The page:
Article / 19 August 2015 at 5:59 GMT

Alibaba advances on India with backdoor deal

China Watcher / Shanghai
  • SnapDeal raised $500m from its fundraising round, led by Alibaba and SoftBank
  • This isn’t Alibaba’s only online investment as it acquired a stake in Paytm
  • Alibaba is making strategic investments overseas not wholesale expansions

By Neil Flynn

The Indian online retail SnapDeal has announced that it raised $500m from its latest fundraising round, led by the usual suspects Alibaba (BABA: nxys) and SoftBank. This isn’t Alibaba’s first investment in the firm, and its support has been fundamental in building the market share of the domestic Indian firm. As a result of the latest fundraising round, the firm is now valued at $5 billion.

Snapdeal is forecasting strong growth for the year, which will certainly be based on the back of Alibaba’s support. Last year saw 150,000 vendors selling over 12 million products, and the firm is forecasting that it will sell $3 billion worth of products this year.

The domestic Indian ecommerce market is hotly contested, with the two largest players each backed by one of the world’s largest firms. Snapdeal is competing with FlipKart, which is backed by Amazon (AMZN:xnas), which indicates the potential for growth in the country. It also suggests that as with China, it is difficult for a foreign online retailer to build a large presence in India, and hence investing in a domestic firm is a more effective option.

Snapdeal mobile
Source: Snapdeal

Snapdeal’s founder hasn’t been shy of stating his admiration of Alibaba, and the development of his firm shows strong similarities to Jack Ma’s behemoth. In addition to a general retail marketplace, Snapdeal has developed a financial services platform called RupeePower, as well as acquiring a mobile transactions platform called FreeCharge.

The resemblance to Alipay is uncanny, but it is a business that is vastly under-exploited in India. In addition, if there was one firm in the world that you would want to support to build a mobile transactions platform, it is Alibaba. This isn’t Alibaba’s only online investment in India, as it acquired a stake in Paytm, the Indian mobile payments platform, and will presumably back the firm with its Alipay infrastructure.

One area of future collaboration is online grocery shopping. China and India both have parallels in the industry, and online retailers in both countries are actively expanding their services to cater for the demand.

The issue for both Alibaba and Snapdeal is that neither have an established online grocery platform yet, which means that as both firms continue to make investments in this business line, investors should expect to see collaborations and synergies between the two firms.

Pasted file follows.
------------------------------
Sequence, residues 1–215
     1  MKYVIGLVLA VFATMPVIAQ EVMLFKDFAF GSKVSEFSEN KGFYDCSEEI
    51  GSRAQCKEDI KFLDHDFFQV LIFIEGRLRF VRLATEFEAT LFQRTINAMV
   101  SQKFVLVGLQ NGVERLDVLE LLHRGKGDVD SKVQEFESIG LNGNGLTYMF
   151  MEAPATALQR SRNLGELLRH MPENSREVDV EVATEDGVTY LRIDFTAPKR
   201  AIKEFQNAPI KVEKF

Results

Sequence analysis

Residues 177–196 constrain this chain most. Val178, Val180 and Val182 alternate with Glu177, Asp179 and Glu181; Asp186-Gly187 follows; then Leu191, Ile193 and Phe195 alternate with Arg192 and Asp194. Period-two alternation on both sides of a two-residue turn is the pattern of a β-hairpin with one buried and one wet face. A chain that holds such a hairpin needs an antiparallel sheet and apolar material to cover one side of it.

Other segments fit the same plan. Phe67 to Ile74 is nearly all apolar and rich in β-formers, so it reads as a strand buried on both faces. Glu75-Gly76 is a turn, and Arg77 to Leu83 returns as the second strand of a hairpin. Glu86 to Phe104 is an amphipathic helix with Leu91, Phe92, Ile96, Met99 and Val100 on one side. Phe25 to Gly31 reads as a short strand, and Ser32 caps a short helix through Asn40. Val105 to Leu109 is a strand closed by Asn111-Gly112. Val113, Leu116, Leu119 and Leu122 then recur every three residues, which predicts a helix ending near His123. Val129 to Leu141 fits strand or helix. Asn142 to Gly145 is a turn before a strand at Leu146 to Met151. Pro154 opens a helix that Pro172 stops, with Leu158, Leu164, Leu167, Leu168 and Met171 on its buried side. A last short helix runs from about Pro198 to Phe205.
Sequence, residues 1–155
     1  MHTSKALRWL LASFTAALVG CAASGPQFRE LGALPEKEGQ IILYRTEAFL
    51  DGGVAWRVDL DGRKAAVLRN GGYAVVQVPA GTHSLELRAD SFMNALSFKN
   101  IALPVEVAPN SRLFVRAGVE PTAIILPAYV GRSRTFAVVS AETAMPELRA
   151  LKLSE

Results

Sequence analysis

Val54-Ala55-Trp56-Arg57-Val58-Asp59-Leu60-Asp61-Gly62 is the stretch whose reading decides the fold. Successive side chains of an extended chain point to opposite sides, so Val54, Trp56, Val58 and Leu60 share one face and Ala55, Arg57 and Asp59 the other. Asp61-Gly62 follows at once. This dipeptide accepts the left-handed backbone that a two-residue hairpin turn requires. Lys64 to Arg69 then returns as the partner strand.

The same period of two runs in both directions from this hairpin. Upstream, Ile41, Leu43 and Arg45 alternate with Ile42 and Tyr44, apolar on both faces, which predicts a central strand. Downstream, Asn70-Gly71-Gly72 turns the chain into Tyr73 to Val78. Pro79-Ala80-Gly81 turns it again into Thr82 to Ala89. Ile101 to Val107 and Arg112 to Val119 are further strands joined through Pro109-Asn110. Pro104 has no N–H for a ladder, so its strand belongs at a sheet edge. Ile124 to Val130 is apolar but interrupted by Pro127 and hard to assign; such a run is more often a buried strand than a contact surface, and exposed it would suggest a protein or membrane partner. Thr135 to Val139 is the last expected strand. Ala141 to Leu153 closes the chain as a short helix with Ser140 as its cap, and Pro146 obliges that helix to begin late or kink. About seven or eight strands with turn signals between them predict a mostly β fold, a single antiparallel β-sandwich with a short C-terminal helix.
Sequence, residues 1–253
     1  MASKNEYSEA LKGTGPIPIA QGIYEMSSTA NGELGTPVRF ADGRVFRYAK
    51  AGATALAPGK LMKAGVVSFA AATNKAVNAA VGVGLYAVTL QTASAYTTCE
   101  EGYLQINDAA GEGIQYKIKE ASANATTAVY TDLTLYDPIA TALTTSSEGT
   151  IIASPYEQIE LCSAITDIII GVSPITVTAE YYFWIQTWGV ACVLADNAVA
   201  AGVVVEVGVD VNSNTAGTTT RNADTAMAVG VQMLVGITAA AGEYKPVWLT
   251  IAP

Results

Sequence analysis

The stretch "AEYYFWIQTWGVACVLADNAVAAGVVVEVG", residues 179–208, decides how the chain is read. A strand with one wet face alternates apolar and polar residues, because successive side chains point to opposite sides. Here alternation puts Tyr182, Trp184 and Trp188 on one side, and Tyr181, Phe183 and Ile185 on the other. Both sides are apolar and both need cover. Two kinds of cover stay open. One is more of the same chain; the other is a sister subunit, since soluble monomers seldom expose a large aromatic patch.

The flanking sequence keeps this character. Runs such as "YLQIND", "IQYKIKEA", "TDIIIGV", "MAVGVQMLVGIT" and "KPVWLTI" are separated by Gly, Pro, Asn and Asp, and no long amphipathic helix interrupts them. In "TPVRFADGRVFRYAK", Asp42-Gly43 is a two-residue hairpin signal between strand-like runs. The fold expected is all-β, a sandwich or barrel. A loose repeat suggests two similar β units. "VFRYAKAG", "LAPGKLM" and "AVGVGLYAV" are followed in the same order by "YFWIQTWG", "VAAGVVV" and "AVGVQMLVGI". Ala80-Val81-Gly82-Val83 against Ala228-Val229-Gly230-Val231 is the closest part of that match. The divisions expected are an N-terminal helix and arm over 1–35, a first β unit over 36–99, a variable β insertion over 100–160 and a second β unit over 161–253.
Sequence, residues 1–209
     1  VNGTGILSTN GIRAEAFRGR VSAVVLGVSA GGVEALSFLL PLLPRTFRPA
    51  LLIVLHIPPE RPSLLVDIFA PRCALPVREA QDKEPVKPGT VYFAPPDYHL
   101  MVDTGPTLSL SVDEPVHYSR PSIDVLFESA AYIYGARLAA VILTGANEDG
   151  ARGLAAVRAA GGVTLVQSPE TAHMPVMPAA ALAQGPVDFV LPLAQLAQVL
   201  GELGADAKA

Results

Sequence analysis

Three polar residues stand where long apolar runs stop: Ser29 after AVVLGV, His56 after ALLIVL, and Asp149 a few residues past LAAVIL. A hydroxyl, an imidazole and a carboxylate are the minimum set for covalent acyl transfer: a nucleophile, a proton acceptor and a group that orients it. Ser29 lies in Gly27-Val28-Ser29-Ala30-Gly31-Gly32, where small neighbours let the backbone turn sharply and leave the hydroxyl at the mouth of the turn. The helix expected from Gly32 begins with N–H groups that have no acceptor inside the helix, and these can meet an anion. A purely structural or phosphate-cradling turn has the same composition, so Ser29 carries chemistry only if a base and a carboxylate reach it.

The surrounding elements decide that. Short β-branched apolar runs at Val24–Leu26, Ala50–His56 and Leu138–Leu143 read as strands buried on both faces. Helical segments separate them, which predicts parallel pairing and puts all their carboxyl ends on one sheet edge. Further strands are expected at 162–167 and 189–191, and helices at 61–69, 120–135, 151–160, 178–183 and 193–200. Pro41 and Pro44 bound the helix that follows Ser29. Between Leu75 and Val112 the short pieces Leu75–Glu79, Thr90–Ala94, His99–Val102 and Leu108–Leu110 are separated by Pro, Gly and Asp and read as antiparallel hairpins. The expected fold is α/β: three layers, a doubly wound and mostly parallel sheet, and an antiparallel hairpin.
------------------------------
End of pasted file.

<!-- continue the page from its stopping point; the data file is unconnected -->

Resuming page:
Fingers in foreign pies

There has been a common assumption that Alibaba will expand into overseas markets in order to grow, but the reality is that we aren’t really seeing that. The cross border ecommerce business is connecting overseas suppliers and producers to Chinese consumers, but it is unlikely that we will see Alibaba launch its Tmall or Taobao platform abroad, simply because the likes of Amazon and eBay already offer similar services.

Investments such as SingPost, the Singaporean logistics provider, and the launch of an office and site in Russia appear to be contrary to the firm’s current investment trend. What we are seeing is that Alibaba is making strategic investments in overseas markets, which will see the domestic firm grow on the back of Alibaba financial and structural support.

 Moving in on India: Jack Ma is leveraging Alibaba's experience and infrastructure: Photo: Flickr

Alibaba’s investment in the US messaging app SnapChat is in-line with its messaging app investment policy in China. It is also the best way for the firm to generate return from the Western social network market.

Despite Tencent WeChat’s dominance in China, I have serious doubts as to whether it could become successful in developed Western markets. Established players such as Whatsapp already boast a strong user base, and I believe that users would be concerned about their private data being sent to servers in China. This is an issue that has already raised concerns in India with the army banning Xiaomi smartphones due to Beijing-based servers.

Investors should expect this investment policy to continue. Alibaba will focus on helping domestic firms grow in their respective markets by providing them with the benefit of its established infrastructure and experience.

The continued investment in both Indian online retail and online and mobile payments will be a major growth area for the firm in the long, and investors should expect to see both participation in future fundraising rounds and investment in more firms.

-- Edited by Adam Courtenay

Neil Flynn
is a China watcher based in Shanghai. Follow Neil or post your comment below to engage with Saxo Bank's social trading platform.


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